Aligning purpose and profit
Purpose is more than an industry buzzword. Nadia Terfous, MD of Economics of Mutuality Solutions, explains how it can drive mutual value creation for all stakeholders
The definition of success in business is evolving. Financial profitability is no longer the principal indicator, as companies increasingly look at other factors ranging from social to environmental impact. Some businesses are starting to put purpose at the heart of their strategy, although many are held back by fear of how it affects the bottom line. Nadia Terfous, Managing Director of Geneva-based Economics of Mutuality Solutions and keynote speaker at Quadpack’s recent AGM, explains how purpose and profit can go hand in hand in business.
Everyone is talking about ‘purpose’, but what is it exactly?
Purpose is the reason why a company exists. It is about building profitable, scalable and sustainable solutions for people and the planet. It is about helping us collectively solve our problems. It differs from mission, which describes your day-to-day activities. Your vision sets out where you want to be in, say, five to 10 years, in terms of success, while your values express how you behave as an organisation. Your mission, vision and values should all work towards delivering on your purpose.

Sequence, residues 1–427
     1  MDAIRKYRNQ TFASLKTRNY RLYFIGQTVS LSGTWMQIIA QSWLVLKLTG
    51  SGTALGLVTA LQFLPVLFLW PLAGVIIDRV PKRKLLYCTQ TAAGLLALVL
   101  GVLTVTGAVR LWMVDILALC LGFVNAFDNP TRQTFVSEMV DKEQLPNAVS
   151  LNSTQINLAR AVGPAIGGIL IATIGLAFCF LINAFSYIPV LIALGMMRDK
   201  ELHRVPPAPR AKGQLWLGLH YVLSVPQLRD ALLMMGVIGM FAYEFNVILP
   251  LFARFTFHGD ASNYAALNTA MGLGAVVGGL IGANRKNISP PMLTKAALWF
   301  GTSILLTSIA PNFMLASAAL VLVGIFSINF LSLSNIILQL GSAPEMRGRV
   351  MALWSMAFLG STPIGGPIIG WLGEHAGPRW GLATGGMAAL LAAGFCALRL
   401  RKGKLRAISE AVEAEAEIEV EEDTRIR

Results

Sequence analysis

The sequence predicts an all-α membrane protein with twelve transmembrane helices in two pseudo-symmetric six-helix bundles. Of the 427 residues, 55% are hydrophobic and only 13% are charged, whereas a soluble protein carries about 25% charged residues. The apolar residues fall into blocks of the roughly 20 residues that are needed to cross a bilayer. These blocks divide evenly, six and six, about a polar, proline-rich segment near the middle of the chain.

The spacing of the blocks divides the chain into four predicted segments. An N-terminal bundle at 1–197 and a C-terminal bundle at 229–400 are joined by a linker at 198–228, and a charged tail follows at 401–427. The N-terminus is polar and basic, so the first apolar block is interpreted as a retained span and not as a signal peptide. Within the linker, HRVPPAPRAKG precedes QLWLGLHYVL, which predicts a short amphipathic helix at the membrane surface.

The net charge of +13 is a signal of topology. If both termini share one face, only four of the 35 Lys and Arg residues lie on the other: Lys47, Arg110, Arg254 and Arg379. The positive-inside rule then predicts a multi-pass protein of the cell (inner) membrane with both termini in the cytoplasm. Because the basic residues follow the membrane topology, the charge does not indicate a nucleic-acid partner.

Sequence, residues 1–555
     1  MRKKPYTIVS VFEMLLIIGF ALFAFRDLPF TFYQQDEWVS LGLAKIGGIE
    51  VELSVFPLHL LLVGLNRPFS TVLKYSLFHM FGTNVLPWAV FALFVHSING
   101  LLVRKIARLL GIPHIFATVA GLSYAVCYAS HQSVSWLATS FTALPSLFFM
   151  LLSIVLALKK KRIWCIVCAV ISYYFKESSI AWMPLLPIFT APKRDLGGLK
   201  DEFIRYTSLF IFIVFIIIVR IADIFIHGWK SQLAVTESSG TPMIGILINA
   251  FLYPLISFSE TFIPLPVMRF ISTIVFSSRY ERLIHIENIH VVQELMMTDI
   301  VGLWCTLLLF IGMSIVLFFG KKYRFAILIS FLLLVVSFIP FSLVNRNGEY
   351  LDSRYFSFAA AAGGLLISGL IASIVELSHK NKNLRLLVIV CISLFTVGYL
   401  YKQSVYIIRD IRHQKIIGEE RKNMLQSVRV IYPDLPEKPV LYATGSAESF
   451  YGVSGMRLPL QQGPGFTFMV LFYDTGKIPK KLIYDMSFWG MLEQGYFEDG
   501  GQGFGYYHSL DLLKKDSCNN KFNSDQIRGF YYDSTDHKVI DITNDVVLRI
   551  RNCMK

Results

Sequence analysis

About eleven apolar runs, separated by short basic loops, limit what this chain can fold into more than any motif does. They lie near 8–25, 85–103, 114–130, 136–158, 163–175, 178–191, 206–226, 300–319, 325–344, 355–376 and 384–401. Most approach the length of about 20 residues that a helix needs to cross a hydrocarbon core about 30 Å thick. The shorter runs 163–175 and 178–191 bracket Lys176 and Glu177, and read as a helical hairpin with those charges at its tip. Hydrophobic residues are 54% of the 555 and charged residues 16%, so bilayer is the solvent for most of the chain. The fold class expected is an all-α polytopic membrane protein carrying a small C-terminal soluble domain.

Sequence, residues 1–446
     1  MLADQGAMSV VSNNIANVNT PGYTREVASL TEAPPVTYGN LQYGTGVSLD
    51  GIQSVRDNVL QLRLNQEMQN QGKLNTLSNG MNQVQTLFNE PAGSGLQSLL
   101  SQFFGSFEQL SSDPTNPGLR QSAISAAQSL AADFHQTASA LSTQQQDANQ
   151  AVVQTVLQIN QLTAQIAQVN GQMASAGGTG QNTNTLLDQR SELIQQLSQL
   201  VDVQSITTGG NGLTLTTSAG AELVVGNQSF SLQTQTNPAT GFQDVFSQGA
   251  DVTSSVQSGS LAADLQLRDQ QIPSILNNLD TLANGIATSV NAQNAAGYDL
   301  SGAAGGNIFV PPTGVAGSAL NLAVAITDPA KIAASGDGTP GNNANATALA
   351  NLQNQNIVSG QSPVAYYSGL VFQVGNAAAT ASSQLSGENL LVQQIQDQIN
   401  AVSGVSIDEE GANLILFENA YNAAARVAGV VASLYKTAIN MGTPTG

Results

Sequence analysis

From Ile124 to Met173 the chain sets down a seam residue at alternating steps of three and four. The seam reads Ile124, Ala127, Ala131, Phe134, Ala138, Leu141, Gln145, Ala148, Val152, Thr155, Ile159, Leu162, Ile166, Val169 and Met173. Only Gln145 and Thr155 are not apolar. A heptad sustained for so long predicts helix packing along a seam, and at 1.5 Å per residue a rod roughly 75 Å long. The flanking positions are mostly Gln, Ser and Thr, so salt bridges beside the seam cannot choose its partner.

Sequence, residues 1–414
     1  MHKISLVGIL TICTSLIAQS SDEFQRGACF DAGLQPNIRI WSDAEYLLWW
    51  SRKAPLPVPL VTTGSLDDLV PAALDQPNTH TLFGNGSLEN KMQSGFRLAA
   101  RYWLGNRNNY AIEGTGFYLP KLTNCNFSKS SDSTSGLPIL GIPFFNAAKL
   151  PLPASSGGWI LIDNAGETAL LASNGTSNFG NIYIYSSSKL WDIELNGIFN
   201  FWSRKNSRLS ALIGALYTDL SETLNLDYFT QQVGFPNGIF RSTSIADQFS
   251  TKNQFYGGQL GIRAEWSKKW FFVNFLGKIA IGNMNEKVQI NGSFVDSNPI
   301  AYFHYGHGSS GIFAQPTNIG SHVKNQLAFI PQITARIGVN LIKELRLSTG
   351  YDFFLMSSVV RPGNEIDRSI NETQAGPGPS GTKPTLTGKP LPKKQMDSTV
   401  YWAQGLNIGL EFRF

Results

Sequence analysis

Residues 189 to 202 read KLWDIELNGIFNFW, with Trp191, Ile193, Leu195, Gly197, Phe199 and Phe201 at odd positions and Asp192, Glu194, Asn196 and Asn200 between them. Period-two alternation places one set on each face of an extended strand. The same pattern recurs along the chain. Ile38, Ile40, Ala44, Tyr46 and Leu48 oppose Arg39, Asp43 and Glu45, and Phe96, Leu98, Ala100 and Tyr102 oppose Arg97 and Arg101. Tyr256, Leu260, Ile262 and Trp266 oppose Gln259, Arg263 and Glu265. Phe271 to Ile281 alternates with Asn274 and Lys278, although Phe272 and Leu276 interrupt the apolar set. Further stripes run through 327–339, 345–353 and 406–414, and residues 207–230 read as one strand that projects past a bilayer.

How does purpose relate to a company’s success?
Purpose revolves around new ideas of what success looks like. Success is not just defined in terms of financial capital. While it is important to deliver value to shareholders, it must be delivered to other stakeholders, too: employees, customers, consumers, suppliers, communities and the environment. Success is measured by equally growing human, social and natural capital. Although a company should reach a minimum level for all its stakeholders in all these areas as part of its responsibility agenda, it can deliberately choose to embark on a purpose journey where it can make the biggest difference. Purpose is not necessarily related to its core activity; it’s really about the type of impact it can create for selected stakeholders by providing them with solutions for their unmet or emerging needs.
Have we shifted to stakeholder capitalism?
We are slowly moving from shareholder capitalism to stakeholder capitalism, but we are not there yet. The growth of ESG (environmental, social and governance) is an artefact of that shift. When assessing the overall performance and risk profile of a company, investors consider ESG topics in addition to traditional financial indicators, as they can have significant implications for its long-term value and reputation. Companies with strong ESG practices are often seen as more sustainable and responsible businesses. However, ESG metrics have their limitations. They are not measured in the same way, which means that different ratings agencies can rate the same company very differently. They are also typically more focused on value protection than value creation. A purpose-driven company needs to develop its own set of metrics that reflect its specific purpose and the associated levers to deliver on it.